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Malaysia honors Madenjit Singh for outstanding contribution to teaching sector



By NewsGram Staff Writer

On May 16 (Teachers Day), the Government of Malayasia paid tribute to Malaysia-based Indian teacher, Madenjit Singh, for his excellent contribution in the teaching sector, after he was  short-listed for the US $1 million Varkey Foundation Global Teacher Prize.

Born in a poor Malaysian family, Singh had to leave the school at the tender age of 12. The pain of poverty ignited a passion within him to work for poor children. In 2000, he built his own NGO where he started giving free education to poor children.

The school runs on the motto of “Men and women are equal. Stop gender discrimination.” Based on these lines, the male students have to bring one female student to take admission in the school.

Singh teaches in his own NGO, ‘Grassroots Development Institute-Science of Life Studies’ (GDI-SOLS). The NGO offers a free and comprehensive two-year training programme, providing life skills for disadvantaged youths. It now runs 185 schools in remote villages of Malaysia, Cambodia, Timor Leste, Laos and India.

The NGO has won several awards and has been invited to expand its social work to other countries as well.

Previously, Madenjit has been honored by Berjaya Corporation Founder, Tan Dato’ Seri Vincent Tan, and the Better Malaysia Foundation as the Personality of The Year 2012. Singh has also been adjudged among “Top Ten of Malaysia” for “Making A Difference.”

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Malaysian Rapper’s Dog Video Sparks Claim of Insulting Islam

"I am not afraid because I believe Malaysia has justice,"

Wee Meng Chee, left, a Malaysian rapper popularly known as Namewee, is escorted by plainclothes policemen on his arrival at the magistrate court in Penang, Malaysia. VOA

Malaysian police said a popular ethnic Chinese rapper has been detained over complaints that his latest music video featuring dancers wearing dog masks and performing “obscene” moves insulted Islam and could hurt racial harmony.

It was the second time in two years that Wee Meng Chee, popularly known as Namewee, has been investigated over his music videos.

Police said in a statement that Wee was detained Thursday after they received four public complaints that his video marking the Chinese year of the dog had “insulted Islam and could negatively impact racial unity and harmony.”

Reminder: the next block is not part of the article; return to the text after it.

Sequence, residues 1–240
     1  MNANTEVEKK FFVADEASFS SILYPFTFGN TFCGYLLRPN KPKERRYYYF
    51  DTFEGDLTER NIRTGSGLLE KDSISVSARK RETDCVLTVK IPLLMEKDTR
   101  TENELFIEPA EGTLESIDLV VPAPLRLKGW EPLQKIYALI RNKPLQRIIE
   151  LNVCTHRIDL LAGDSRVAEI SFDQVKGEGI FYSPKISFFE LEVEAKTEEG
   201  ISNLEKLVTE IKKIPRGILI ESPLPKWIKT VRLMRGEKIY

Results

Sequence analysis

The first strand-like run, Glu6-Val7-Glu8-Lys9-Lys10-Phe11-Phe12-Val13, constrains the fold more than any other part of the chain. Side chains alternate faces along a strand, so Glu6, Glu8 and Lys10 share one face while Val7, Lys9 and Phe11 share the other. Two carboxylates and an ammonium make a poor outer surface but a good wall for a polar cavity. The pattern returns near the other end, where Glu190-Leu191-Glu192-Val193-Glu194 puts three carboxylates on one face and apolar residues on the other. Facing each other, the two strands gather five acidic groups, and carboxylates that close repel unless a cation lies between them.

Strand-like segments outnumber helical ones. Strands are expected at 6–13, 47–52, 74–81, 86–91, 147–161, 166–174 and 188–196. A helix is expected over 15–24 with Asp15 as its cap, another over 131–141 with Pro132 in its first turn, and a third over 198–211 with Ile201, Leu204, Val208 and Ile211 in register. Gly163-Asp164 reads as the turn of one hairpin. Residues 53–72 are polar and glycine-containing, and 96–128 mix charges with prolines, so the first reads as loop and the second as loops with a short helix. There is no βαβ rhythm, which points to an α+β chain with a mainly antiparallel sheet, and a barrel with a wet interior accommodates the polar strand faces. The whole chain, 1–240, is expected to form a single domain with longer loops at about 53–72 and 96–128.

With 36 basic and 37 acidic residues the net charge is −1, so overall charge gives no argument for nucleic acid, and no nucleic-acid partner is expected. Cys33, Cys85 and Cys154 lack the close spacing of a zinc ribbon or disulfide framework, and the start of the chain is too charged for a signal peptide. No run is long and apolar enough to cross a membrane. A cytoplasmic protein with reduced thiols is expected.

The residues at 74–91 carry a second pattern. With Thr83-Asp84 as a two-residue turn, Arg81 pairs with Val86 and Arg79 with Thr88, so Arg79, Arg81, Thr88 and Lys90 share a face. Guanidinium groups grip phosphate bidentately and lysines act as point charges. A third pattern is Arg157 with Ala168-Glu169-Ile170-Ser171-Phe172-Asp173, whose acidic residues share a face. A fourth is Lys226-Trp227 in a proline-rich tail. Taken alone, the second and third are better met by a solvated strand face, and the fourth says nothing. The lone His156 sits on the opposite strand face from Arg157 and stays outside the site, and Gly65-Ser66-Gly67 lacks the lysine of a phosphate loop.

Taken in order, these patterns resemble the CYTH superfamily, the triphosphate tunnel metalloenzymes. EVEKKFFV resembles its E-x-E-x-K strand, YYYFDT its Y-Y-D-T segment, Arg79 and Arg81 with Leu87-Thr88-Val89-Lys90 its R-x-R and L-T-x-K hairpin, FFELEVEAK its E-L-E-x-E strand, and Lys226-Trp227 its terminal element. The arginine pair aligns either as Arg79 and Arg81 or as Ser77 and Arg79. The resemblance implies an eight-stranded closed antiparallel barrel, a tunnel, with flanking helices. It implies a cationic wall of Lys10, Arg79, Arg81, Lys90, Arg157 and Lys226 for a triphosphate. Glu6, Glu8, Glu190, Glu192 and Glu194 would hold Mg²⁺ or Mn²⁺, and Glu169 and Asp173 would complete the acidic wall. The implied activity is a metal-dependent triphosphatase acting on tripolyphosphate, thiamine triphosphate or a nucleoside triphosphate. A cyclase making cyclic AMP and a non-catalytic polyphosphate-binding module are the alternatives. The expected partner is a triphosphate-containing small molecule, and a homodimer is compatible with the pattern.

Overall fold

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In the video entitled “Like a Dog,” Wee sits on a chair in a public square in the government administrative capital of Putrajaya with dancers wearing dog masks around him. Several of them mimic the “doggy-style” sex move. A green domed building in the background led some people to speculate it was filmed in front of a mosque, leading to criticism, but Wee later said it was the prime minister’s office.

The song includes the sounds of dog barks from various countries. In an apparent reference to government corruption, Wee sings that dogs in Malaysia go “mari mari, wang wang,” which in the Malay language means “come come, money money.”

Dogs are considered unclean by Muslims, who account for 60 percent of Malaysia’s 32 million people. Pixabay


Several ministers have called for Wee to be arrested. He has defended the video as a form of entertainment and said he has no intention of disrespecting any race or religion.

Earlier Thursday, Wee posted a picture on Facebook of himself at the federal police headquarters as he was wanted by police for questioning.

“I am not afraid because I believe Malaysia has justice,” he said.

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Previous controversies

In 2016, he was detained after enraged Malay Islamic activists lodged complaints that a video titled “Oh My God,” which was filmed in front of various places of worship and used the word “Allah,” which means God in the Malay language, was rude and disrespectful to Islam. He was not charged.

In one of his earliest videos, he mocked the national anthem and was criticized for racial slurs. He also produced a movie that was banned by the government in 2014 for portraying national agencies in a negative way.

Race and religion are sensitive issues in Malaysia, where the ethnic Malay majority has generally lived peacefully with large Chinese and Indian minorities since racial riots in 1969 left at least 200 people dead. (VOA)

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